When we ended it, the donor was still really happy to have given their time. We just didn't have a whole lot to talk about. That's okay, too, right? There's no right or wrong way. As long as you show up authentically and be curious and listen, you're going to get so much out of these meetings, and here's a little tip because I definitely have worked with a lot of people who feel like I don't have the answer to a specific question that the donor might ask. Therefore, I can't do this. If you don't have an answer, that's okay. It's totally fair to say. You know what? That's a really great question. No, one's asked me that before. Let me take that back and I'll get back to you. And as a bonus, it allows you to circle back to the donor and continue the conversation and deepen the relationship. You do not need to be perfect. You do not need to be an expert in all things. This is a learning journey. And the only way you're going to learn is by practicing. So there's no magic to these meetings to show up authentically. Take the pressure again, there's no ask, I'll say it again. So there's no pressure, right? There's no expectation that you're going to do anything other than connect with someone. All right. So think about what's getting in your way, because very often we get stuck in our minds and then we just stop doing it. So just practice reaching out, have a few of these meetings get better.


And if you're feeling stuck, join us on January 18th. My webinar is called your best fundraising year ever. And I promise you, we're going to deep dive into this as well some other things you can do with literally 20 minutes a day to have your best fundraising year ever. And that will not just make this year good but will start to grow your fundraising in a meaningful, predictable way, which is of course what we all want to get off that hamster wheel I talked about before.


So visit flipsidefundraising.com/ bestyear again, I will include the link in the show notes. I hope you will join me there. I can't tell you how important this is. I literally repeat it over and over again. So if you've heard me say this and you still haven't had your donor meetings please join me on that webinar.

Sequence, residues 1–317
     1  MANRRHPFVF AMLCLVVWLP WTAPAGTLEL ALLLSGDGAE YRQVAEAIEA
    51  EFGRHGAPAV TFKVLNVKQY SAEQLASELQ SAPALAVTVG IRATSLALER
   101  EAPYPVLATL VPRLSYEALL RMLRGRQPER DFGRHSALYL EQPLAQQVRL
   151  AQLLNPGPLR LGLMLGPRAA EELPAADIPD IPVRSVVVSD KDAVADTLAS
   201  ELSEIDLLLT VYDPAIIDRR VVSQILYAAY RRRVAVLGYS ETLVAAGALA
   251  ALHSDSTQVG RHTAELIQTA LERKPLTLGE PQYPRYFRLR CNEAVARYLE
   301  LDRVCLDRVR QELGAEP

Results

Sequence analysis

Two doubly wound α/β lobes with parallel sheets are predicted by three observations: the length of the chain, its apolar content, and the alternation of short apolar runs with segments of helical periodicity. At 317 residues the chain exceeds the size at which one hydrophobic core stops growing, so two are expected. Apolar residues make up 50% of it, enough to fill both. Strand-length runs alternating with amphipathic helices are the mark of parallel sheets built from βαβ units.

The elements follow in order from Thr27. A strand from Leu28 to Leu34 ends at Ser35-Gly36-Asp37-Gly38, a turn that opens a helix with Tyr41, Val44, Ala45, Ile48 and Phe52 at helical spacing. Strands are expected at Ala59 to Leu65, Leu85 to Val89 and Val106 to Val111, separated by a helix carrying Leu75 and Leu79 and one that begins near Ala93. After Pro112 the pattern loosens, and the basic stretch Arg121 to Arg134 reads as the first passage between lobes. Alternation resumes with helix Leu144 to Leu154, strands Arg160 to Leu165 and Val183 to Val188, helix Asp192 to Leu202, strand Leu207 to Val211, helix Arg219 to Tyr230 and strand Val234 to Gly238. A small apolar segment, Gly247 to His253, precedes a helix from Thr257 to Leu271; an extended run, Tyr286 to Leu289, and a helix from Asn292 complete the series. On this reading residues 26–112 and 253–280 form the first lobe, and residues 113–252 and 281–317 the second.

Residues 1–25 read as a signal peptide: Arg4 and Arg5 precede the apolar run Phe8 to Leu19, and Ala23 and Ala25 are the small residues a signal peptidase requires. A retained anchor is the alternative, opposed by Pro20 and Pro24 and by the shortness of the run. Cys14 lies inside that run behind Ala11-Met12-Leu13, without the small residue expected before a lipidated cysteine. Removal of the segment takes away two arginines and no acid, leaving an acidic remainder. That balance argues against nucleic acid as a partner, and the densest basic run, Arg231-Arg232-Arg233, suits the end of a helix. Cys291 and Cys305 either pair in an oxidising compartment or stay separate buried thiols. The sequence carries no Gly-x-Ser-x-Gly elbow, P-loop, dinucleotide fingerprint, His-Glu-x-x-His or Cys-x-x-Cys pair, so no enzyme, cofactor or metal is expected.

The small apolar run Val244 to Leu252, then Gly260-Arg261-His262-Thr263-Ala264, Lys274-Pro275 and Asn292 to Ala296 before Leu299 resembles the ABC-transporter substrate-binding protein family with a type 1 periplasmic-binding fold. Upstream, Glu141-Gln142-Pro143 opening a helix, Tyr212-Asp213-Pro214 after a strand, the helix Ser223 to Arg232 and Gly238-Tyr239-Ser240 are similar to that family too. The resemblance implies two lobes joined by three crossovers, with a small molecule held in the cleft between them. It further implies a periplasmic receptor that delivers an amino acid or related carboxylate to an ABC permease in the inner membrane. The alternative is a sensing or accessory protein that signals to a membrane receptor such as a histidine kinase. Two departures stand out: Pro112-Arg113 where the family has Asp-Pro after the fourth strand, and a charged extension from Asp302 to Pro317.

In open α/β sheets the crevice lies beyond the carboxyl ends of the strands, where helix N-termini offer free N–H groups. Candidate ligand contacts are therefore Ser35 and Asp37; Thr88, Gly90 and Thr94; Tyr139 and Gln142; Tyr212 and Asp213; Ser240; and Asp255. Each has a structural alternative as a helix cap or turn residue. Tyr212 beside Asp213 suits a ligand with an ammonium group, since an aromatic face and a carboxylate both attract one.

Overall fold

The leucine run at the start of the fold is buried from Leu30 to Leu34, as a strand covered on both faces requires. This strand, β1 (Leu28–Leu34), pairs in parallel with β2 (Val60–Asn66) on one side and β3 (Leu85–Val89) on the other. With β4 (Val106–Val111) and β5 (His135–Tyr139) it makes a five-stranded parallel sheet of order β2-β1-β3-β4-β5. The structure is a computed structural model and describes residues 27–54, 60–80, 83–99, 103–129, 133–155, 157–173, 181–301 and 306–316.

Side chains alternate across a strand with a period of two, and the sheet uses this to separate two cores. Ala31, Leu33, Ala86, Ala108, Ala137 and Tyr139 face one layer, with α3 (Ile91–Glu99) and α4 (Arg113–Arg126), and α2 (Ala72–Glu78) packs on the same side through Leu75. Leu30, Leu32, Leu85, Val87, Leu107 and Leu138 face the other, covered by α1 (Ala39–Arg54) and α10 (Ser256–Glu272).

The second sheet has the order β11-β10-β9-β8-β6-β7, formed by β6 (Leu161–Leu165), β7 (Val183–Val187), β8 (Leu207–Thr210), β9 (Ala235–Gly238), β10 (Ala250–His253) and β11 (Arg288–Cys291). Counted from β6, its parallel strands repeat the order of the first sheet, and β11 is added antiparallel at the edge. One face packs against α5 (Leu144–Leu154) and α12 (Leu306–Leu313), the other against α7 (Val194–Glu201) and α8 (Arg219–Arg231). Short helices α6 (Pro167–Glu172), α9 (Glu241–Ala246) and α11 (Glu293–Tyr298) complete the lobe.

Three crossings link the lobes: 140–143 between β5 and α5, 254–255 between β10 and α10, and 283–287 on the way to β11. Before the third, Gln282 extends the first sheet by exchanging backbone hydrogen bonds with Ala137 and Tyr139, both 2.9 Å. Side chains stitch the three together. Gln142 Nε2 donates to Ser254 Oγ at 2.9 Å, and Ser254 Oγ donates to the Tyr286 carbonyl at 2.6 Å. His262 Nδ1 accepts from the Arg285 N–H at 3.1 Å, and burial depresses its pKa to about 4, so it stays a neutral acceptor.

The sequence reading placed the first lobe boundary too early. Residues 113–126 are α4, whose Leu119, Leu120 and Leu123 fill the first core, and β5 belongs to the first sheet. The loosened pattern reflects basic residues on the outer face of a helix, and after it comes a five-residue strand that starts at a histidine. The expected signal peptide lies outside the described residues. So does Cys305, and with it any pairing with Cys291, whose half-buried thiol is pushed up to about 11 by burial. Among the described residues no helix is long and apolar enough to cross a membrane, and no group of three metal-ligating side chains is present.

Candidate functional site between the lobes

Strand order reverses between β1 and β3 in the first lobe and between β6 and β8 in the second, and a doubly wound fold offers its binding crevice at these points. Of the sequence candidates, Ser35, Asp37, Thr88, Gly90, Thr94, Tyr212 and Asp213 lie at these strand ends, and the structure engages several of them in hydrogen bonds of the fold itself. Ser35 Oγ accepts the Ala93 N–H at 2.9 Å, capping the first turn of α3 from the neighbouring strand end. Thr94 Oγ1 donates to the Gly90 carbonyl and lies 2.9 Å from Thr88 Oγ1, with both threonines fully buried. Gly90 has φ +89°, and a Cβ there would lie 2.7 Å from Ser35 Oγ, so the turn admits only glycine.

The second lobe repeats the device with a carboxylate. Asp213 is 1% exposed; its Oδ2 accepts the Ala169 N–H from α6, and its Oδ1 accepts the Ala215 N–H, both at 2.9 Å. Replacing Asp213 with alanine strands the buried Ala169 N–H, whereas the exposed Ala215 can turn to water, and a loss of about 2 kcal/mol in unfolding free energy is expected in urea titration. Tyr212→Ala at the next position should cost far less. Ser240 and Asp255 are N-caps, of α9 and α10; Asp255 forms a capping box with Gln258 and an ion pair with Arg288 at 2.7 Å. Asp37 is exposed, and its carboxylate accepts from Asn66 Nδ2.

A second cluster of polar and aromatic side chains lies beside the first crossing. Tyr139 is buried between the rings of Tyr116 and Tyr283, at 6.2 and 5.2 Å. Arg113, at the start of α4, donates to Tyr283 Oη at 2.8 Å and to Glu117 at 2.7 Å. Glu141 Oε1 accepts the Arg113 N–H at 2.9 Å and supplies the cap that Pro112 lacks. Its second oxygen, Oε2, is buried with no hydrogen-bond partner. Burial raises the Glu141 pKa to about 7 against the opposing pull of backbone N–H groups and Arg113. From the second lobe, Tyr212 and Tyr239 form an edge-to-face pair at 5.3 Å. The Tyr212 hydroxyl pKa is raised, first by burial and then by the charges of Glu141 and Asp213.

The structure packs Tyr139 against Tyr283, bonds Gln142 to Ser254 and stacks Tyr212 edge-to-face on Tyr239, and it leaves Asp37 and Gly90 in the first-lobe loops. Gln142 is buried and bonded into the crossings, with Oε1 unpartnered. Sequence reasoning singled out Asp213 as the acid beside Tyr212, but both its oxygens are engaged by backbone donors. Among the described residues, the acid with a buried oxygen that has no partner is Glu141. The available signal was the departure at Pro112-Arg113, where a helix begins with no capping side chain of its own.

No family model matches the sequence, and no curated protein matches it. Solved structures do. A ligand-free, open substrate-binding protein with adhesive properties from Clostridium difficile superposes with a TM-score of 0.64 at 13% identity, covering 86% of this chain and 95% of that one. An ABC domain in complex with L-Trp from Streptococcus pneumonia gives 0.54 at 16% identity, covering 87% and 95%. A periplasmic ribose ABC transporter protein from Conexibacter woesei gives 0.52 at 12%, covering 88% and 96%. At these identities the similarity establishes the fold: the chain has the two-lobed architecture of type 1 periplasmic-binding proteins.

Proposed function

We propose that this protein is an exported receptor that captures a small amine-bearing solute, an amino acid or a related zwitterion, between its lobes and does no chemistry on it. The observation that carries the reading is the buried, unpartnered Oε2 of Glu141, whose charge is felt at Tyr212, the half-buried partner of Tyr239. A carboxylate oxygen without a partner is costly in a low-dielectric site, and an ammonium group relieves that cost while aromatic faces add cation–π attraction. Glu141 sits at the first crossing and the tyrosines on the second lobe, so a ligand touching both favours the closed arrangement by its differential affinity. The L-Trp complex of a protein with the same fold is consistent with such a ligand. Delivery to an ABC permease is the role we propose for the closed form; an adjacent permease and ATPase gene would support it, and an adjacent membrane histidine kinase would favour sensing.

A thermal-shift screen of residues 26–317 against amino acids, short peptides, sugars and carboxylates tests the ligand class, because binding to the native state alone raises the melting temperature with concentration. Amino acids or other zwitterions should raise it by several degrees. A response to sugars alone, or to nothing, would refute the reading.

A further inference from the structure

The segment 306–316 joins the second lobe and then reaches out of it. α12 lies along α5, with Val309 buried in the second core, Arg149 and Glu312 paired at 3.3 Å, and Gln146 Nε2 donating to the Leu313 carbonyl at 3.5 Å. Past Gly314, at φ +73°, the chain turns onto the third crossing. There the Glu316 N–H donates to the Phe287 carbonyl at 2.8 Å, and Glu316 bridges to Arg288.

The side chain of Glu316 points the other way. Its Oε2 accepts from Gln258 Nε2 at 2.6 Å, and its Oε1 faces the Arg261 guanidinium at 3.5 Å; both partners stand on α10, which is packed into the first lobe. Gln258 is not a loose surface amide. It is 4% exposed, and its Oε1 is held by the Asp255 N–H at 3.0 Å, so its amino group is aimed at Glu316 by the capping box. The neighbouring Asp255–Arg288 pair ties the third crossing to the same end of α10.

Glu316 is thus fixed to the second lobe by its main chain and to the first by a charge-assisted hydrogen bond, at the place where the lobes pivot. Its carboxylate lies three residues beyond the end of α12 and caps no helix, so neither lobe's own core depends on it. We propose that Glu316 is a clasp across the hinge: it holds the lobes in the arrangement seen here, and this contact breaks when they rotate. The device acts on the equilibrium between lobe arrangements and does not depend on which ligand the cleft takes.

And I'm actually running it three times a day, just in case you're in different time zones, but you, you need to do this. That's if you're fundraising. This is one of the things to me that is a non-negotiable as well, is it is a high return activity. It might not feel that way because we're not asking at the moment, but this is the number one thing you can do to start raising more money for your organization, which is mind-boggling, right? Like we, we always get so caught up in elaborate fundraising plans and strategies, and we have to do these big things. It's not fundraising. Success comes from consistency and finding those points of intersection between your organization, its mission, and your donors. So I hope to see you there. And thanks for tuning in to The Small Nonprofit podcast.


This has been a different episode, usually, as I interview people, but I really needed to share this with you because this is the number one barrier I see for small organizations and in fact, organizations of all sizes, it's an easy fix, but you have to work on it. All right, we'll see you next week.


Folks, that's it for today's episode of The Small Nonprofit, I'm your host, Cindy Wagman. And this show is brought to you by The Good Partnership. As a reminder, if you want more resources around raising more money for your small nonprofit, visit The Good Partnership.com and download our free fundraising strategy guide. I'll see you next week.